Draining the Creek Crossing

Long-suffering readers of this blog will remember that I have spent a lot of time over the years working on the creek crossing at the bottom of my access road. Since the last road rebuild, a lot of wash has come down from the neighbouring farm, and has eroded both the road and the causeway. In addition, my neighbours have dammed the winter creek upstream for their sheep, which changed the character of the creek from slow seepage to a more continual flow. I needed to install some drainage pipes to protect the road surface.

One fine weekend, I arrived on site with a trailer-load of drainage pipes, and a digger from Mal’s Hire. In preparation for the delivery of several truck-loads of material from Duggan’s Quarry, my daughter had painted up a lot of helpful signs. I doubt that the quarry drivers were accustomed to such artistry, but they certainly obeyed the instructions.

The creek crossing was originally built about ten years ago using a base layer of tree trunks, then aggregate, then soil. It has worked well for most of this time, but a combination of clay filtering down into the wooden sublayer and increased water flow from the neighbouring farm’s new dams, has meant that some water runs over the top and has a tendency to wash away the surface of the road.

Digging away the substrate by hand would have been a thankless task, but the digger made it easy.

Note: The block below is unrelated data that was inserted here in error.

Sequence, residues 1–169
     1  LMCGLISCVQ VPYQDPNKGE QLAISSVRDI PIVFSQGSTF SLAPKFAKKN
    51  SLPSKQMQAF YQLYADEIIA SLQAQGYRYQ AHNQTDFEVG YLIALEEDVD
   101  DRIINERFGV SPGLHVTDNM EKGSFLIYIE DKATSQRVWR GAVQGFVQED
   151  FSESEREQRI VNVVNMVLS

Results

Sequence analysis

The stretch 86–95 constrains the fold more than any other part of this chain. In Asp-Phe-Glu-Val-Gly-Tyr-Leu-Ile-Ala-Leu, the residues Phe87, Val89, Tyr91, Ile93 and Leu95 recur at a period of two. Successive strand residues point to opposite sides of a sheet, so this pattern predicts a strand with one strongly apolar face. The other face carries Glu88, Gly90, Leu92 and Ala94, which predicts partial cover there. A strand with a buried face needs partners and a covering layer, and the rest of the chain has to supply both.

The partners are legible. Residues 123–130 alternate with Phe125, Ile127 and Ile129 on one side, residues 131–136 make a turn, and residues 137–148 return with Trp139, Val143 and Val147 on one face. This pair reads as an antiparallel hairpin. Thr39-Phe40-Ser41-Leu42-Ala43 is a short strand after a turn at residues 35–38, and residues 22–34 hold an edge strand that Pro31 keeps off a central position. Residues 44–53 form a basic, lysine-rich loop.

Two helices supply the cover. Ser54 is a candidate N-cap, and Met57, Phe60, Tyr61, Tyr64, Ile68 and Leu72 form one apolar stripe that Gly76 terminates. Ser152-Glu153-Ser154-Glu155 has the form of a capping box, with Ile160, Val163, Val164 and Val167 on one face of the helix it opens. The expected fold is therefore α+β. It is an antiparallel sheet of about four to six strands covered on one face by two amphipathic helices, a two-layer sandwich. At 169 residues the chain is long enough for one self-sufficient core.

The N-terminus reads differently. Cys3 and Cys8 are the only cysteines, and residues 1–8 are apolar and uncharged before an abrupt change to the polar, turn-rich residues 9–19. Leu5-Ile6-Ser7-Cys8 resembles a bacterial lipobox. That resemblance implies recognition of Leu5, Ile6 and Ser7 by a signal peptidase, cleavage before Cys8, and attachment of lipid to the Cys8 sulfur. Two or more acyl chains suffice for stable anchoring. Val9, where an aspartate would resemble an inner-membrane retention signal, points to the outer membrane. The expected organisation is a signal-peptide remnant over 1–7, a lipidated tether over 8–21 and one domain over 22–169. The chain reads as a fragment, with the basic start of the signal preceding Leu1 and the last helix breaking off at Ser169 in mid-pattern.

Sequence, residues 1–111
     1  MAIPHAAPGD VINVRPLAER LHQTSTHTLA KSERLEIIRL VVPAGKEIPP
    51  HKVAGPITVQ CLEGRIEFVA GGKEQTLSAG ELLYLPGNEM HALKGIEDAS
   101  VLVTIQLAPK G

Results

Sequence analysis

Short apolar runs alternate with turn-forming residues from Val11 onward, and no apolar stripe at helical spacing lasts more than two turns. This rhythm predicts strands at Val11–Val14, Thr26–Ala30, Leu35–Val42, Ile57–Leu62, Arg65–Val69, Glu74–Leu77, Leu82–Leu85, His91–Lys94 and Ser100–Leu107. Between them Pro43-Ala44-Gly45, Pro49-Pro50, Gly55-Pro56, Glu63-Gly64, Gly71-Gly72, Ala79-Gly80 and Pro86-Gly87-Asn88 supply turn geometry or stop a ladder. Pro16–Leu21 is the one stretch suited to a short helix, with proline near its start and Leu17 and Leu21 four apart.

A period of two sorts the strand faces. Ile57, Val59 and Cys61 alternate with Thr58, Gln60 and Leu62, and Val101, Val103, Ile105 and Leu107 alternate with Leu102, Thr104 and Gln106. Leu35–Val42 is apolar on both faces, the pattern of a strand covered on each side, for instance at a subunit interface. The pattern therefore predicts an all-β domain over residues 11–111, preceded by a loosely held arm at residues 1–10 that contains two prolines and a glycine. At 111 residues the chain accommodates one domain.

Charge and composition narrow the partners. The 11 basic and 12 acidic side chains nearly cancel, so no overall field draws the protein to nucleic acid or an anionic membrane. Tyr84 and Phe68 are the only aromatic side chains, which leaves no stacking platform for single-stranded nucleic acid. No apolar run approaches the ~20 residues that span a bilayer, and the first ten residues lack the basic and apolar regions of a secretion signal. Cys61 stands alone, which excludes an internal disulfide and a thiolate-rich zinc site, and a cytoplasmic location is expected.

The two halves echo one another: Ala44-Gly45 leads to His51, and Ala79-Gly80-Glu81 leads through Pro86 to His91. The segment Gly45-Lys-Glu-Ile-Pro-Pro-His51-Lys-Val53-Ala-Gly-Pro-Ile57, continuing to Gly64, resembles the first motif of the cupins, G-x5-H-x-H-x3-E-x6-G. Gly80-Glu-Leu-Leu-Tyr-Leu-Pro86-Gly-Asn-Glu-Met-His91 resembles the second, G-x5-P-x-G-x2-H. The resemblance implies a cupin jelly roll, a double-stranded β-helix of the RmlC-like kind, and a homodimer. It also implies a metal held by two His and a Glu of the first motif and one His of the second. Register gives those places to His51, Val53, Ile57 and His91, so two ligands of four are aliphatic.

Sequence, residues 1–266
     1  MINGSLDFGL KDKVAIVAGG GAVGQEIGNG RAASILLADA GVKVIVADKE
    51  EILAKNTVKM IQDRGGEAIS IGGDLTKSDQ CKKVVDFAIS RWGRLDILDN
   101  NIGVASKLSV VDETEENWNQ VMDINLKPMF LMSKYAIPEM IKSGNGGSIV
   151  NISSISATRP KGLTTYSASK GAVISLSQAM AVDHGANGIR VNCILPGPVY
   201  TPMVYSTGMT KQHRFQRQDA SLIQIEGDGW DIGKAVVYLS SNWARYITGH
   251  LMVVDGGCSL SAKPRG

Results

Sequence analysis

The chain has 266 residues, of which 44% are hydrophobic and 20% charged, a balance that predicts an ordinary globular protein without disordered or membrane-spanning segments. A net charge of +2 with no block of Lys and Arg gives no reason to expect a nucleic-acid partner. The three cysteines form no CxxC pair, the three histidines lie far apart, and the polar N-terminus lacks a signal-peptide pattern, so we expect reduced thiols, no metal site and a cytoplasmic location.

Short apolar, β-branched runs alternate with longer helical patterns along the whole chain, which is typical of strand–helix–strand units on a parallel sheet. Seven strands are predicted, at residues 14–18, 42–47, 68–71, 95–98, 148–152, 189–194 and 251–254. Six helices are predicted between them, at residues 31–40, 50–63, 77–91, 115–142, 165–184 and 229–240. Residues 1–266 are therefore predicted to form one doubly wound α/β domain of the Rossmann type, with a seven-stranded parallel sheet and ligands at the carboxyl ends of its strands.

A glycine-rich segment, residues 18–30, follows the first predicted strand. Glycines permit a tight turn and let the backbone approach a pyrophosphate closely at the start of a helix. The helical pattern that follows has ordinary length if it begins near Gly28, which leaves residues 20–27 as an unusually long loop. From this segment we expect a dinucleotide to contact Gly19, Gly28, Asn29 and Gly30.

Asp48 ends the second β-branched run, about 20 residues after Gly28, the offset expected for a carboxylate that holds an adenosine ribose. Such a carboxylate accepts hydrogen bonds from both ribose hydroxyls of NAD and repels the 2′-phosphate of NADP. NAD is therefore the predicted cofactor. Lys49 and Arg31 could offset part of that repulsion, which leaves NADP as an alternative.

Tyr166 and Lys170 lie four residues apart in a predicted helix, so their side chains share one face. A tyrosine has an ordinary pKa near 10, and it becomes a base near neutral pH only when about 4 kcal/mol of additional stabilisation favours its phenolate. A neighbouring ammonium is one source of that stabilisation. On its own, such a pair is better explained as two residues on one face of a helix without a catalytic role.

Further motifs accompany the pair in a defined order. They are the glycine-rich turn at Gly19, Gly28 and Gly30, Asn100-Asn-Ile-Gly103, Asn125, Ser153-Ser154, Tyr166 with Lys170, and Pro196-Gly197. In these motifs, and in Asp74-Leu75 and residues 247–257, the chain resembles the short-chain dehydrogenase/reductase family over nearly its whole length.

Before long, I dropped in some drainage pipes, and got instant gratification in the form of the creek diverting through the pipe and out onto my property.

I finished off with 20mm drainage aggregate, and made good with excess mud and stone. It was still pretty boggy – after all, the mud was already saturated – but I left it alone to give it a chance to dry.

That night, I put up my tent and cooked myself a nice supper by the fire.

On the following day, I had other things to do with the digger, so it wasn’t til later that I got to have a look at the creek crossing.

It was still boggy.

This was when I discovered that there was a second flow of water coming down from another new dam in the farm next door. It was running invisibly under the ferns and then draining across the creek crossing, slightly higher up the slope. I couldn’t see it before, because the whole thing was wet, but now that the bottom half had drained, it was obvious.

It was far too wet to bring in the digger, which would have just churned everything up, so a couple of us dug out a rough new ditch by hand.

It originally looked like a seep, but once we’d dug a channel, there was a significant amount of water, which we lead down to the drainage pipe that I’d put in the day before.

The ditch is a bit impromptu and unlined, but I didn’t really want to start landscaping on my neighbour’s side of the road, and anyway we were tired.

Four months later, it was looking just fine.

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